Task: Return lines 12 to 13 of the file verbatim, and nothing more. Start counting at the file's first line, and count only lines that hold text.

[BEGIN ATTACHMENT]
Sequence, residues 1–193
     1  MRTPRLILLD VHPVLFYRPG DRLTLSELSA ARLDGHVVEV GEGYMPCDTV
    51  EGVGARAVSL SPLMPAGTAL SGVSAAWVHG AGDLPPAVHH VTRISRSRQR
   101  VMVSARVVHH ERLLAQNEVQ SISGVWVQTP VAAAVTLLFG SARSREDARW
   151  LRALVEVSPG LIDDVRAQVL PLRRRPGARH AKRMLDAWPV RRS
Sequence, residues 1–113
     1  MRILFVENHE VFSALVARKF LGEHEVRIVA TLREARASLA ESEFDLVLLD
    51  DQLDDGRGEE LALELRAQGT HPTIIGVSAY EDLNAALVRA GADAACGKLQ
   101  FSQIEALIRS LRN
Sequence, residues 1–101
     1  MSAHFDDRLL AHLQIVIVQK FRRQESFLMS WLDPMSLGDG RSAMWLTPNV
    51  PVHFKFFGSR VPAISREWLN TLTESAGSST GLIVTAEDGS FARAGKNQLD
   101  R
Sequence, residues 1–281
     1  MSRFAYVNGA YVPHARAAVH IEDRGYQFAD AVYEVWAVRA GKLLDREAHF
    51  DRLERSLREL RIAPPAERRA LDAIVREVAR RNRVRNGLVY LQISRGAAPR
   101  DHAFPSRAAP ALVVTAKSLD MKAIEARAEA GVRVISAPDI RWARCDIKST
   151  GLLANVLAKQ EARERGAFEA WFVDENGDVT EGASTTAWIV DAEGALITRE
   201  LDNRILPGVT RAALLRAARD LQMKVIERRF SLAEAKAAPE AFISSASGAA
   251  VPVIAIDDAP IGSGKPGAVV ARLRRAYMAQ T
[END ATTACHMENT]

    51  PVHFKFFGSR VPAISREWLN TLTESAGSST GLIVTAEDGS FARAGKNQLD
   101  R